The Capanna Bill Refuge and Bar is 2.5 kilometres from the summit.

There is a café and restaurant by the lake at the top of the climb.

ACCOMMODATION

To easily access the Fedaia the best places to stay would be either Arabba or Canazei. Both villages have a reasonable selection of hotels and apartments together with various shops, bars and restaurants.

Check out our Dolomites guide for more information.

TIPS

Take a look at our tips for cycling in the Dolomites before you leave home.

The Fedaia is one of a few climbs in the Dolomites that peaks at over 2,000 metres and if you’ve not been at that altitude before you might notice it getting a little harder to breathe towards the top.

Make sure you’re ready and able for this climb as it is extremely hard especially towards the top. If you’re riding out from Corvara or Arabba to the foot of the climb, then make sure you’ve got enough gas in the tank for the finale.

There are a number of small cafes and bars at various points on the climb, so you could consider splitting the ascent into two and take it a steady pace.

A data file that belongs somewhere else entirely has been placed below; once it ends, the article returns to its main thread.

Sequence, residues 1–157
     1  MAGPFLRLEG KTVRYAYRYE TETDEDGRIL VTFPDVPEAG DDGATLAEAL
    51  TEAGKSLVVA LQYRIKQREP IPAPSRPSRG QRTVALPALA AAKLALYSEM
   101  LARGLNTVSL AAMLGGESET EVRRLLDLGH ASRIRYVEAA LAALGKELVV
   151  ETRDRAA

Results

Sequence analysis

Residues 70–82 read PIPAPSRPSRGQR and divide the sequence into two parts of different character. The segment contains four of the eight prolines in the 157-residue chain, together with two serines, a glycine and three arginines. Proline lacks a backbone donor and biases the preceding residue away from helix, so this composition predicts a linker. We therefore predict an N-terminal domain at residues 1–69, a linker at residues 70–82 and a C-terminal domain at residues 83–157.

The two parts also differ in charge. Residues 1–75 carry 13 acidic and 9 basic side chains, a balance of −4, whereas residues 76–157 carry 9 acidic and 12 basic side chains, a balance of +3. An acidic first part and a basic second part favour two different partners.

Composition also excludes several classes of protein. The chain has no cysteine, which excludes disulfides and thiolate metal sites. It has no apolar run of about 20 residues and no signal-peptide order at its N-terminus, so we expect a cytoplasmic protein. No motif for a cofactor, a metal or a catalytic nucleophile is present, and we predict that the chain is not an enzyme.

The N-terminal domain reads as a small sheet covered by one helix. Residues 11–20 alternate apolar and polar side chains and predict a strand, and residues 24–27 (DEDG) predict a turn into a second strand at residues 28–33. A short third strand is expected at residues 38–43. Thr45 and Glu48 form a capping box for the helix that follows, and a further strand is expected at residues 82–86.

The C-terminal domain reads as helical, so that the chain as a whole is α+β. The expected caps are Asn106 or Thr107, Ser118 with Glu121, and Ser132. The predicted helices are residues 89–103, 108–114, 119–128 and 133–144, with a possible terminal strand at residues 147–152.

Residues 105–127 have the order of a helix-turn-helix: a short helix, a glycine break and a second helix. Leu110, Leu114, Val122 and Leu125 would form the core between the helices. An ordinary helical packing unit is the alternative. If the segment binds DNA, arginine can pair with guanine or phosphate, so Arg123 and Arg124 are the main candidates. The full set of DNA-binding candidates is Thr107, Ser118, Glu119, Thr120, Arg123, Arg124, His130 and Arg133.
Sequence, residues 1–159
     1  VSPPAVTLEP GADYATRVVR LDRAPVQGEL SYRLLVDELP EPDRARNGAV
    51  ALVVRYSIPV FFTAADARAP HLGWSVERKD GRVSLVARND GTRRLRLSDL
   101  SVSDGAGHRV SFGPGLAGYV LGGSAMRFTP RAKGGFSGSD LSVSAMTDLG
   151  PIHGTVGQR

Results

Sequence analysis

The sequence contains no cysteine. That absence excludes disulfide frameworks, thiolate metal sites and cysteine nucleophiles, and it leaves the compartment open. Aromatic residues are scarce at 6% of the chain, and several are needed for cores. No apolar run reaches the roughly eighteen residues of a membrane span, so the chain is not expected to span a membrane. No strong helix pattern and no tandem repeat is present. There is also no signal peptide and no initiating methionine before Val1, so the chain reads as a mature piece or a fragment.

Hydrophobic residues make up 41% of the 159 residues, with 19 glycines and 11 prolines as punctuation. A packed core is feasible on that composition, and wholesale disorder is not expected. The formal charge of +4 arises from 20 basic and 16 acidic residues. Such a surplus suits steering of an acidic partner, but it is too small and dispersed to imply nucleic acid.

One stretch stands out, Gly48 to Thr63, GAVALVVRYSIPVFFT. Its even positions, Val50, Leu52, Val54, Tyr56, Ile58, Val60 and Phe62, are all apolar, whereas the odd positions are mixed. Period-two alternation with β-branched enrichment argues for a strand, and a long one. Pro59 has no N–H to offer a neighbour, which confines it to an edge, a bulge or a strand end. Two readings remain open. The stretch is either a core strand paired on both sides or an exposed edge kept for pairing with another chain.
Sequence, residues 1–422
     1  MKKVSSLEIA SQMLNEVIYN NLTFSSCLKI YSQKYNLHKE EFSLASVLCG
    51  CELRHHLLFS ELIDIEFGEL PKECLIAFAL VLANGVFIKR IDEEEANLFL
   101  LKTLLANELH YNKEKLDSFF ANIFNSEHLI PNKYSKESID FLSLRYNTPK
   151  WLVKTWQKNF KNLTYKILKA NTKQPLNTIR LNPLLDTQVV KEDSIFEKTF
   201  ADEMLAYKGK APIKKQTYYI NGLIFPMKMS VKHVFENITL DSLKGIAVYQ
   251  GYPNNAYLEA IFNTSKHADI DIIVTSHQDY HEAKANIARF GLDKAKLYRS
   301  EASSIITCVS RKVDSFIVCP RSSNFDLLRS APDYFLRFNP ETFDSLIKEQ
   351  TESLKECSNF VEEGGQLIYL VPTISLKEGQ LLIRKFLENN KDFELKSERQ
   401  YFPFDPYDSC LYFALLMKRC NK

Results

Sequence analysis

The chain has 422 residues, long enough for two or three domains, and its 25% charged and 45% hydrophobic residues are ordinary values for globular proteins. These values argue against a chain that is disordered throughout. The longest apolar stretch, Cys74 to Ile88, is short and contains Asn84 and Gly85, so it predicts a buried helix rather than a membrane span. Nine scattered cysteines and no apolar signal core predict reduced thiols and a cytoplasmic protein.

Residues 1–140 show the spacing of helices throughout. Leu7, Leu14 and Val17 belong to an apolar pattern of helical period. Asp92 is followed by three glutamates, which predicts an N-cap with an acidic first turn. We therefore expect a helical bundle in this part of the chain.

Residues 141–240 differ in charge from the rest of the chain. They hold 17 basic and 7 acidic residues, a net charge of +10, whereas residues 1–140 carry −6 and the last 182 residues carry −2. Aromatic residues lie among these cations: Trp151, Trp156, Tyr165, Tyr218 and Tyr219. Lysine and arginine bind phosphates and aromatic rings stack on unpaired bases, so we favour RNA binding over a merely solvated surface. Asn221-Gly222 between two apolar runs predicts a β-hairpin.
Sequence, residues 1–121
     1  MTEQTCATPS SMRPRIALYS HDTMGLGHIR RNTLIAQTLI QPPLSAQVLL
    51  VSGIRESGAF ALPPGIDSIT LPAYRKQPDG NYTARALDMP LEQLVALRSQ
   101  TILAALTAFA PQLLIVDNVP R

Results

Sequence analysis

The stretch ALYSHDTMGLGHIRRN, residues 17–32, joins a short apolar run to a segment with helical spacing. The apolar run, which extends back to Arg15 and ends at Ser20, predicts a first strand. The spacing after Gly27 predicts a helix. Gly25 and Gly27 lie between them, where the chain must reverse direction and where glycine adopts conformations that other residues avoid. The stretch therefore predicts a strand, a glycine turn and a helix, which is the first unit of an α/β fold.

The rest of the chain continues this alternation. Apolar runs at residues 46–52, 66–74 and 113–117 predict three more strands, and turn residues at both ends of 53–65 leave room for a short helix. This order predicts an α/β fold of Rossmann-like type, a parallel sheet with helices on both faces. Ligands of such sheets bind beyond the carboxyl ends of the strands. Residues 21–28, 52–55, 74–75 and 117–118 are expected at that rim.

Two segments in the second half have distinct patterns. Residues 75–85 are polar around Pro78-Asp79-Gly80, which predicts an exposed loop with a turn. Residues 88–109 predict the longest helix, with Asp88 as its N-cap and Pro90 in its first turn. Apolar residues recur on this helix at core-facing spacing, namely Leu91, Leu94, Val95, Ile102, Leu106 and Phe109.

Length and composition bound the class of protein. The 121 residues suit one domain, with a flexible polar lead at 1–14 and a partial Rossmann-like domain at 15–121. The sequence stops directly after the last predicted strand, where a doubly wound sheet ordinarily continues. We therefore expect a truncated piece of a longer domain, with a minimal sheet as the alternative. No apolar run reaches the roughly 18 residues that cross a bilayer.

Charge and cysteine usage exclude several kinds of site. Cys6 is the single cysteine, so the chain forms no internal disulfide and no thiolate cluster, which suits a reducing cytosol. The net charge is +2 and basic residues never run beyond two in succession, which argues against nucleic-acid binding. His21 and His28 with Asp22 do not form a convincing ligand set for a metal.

Lake near the summit of Passo Fedaia, Dolomites

Lake after the summit of Passo Fedaia

Descending Passo Fedaia, Dolomites, Italy

Descending towards Canazei


Information on the Serrai di Sottoguda (the Sottoguda gorge)

The gorge stretches for about two kilometres from Sottoguda to Malga Ciapéla at the bas of the Marmolada. It is very narrow, in places around four to eight metres wide. It's a popular tourist spot so be aware that if you arrive in the middle of the day, you may be contending with tourists as you cycle through. 

In the past, shepherds drove livestock along the path to higher pastures and wagons pulled wood and hay down to the valley. The canyon could only be used for a short period of time, as the Pettorina stream would swell with winter snow melt.